Histories of Clark Lake typically include iconic locations like Eagle Point, Ocean Beach and Pleasant View. The west end, or head-of-the-lake, has always been important to the lake. And it, too, is fondly remembered.
In 1947 Norma Gallaway (Lee) wrote a term paper for a sociology class. Today it offers a fascinating snapshot in story and photos of life and economic activity at the head-of-the-lake. Norma provided historical background of the buildings, businesses, and other institutions as well. As you begin your tour, you’ll see Norma’s hand drawn map of the structures along Hyde Road. You can also check out landmarks still here and see how they have changed. For example, the building that was once Lakeside Grocery now houses a law firm, Robert’s moved across the street and was renamed Doyle’s, and the phone substation has grown since 1947. You’ll also see structures that are now gone–like the railroad depot and schoolhouse.
Norma typed the term paper on onion skin paper, which has yellowed over the years. It was carefully preserved by her sister, Carole Ytrri, who inserted the fragile paper and photos into plastic sheets. To improve visibility for this web presentation, the papers were temporarily taken out of the plastic for scanning. And to convert this document for the web, pages were reformatted and photos were enlarged. No content was altered.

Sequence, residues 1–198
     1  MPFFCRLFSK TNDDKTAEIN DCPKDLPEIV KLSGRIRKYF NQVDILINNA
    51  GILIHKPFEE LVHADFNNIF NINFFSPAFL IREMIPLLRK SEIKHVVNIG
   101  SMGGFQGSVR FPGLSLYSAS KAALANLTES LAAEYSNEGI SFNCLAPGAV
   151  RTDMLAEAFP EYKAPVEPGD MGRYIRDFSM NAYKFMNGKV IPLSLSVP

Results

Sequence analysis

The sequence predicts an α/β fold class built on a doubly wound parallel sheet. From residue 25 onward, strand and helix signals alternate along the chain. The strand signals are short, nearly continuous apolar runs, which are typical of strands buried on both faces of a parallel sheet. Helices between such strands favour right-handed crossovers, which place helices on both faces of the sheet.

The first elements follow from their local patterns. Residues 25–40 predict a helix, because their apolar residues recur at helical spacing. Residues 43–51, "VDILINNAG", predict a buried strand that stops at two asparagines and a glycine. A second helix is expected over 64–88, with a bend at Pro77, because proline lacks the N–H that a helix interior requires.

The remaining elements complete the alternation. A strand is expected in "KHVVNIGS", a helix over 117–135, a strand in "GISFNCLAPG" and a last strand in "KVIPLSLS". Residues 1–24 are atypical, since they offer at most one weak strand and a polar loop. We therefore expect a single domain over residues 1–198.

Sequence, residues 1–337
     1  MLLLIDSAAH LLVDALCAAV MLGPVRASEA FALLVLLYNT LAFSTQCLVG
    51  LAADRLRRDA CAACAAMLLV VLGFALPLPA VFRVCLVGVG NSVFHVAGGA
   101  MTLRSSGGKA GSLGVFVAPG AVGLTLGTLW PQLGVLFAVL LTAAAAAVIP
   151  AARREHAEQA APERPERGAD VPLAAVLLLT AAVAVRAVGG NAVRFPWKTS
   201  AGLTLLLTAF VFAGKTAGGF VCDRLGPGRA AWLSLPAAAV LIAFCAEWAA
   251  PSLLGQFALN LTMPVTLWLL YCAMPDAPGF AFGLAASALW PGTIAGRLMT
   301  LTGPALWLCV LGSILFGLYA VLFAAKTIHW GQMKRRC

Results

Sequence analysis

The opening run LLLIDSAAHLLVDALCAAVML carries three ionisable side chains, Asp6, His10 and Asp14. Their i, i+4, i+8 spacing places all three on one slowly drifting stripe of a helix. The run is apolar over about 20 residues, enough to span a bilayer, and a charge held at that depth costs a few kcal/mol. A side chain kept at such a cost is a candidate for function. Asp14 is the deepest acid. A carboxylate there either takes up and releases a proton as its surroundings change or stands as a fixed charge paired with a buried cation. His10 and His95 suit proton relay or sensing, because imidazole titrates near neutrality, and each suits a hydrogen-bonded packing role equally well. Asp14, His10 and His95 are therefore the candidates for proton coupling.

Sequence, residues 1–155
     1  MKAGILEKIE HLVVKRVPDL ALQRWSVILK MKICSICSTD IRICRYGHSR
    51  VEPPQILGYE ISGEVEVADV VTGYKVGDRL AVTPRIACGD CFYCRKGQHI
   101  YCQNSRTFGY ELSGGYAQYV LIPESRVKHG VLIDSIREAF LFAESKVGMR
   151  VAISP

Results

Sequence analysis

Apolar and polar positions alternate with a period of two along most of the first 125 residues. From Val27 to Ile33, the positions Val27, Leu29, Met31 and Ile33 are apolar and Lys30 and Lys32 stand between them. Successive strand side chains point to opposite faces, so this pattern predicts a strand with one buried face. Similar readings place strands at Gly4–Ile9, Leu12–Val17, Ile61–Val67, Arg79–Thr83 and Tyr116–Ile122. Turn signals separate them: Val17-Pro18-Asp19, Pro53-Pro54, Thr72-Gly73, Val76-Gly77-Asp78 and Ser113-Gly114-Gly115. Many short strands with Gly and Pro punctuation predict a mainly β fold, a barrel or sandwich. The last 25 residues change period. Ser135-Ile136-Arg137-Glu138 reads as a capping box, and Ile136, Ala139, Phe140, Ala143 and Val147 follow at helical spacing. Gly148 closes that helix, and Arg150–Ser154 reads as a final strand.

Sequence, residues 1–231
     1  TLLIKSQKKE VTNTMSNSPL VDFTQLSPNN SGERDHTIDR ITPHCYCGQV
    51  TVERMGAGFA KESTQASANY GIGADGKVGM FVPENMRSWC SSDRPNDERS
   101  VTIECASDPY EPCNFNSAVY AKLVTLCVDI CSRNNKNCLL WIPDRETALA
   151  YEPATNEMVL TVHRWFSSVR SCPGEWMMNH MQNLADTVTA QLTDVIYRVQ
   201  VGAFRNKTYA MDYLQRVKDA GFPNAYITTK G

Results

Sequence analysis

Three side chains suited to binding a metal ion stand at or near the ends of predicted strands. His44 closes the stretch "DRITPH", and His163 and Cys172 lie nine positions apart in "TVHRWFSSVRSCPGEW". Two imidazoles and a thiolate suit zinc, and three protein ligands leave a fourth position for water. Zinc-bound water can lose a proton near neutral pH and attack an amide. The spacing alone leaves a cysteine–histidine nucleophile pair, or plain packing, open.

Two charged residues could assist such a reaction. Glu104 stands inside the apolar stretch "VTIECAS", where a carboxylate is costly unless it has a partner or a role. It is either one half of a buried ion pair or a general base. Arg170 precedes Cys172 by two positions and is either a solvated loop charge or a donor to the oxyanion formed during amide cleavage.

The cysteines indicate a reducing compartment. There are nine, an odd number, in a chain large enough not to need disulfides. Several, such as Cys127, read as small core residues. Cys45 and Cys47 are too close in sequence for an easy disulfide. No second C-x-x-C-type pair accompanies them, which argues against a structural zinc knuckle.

Norma and Carole Gallaway grew up at Clark Lake. Norma, who wrote the paper, today lives in the Louisville, Kentucky area, as she has for the last 50 years. Carole still lives at the lake on Hyde Road. Thanks to Norma and Carole we’re fortunate to have this piece of Clark Lake history. You’ll notice the professor’s grade marking–a C+. But you’ll want to give her an A! Along with other articles on this website, it answers more questions about Clark Lake’s history and culture.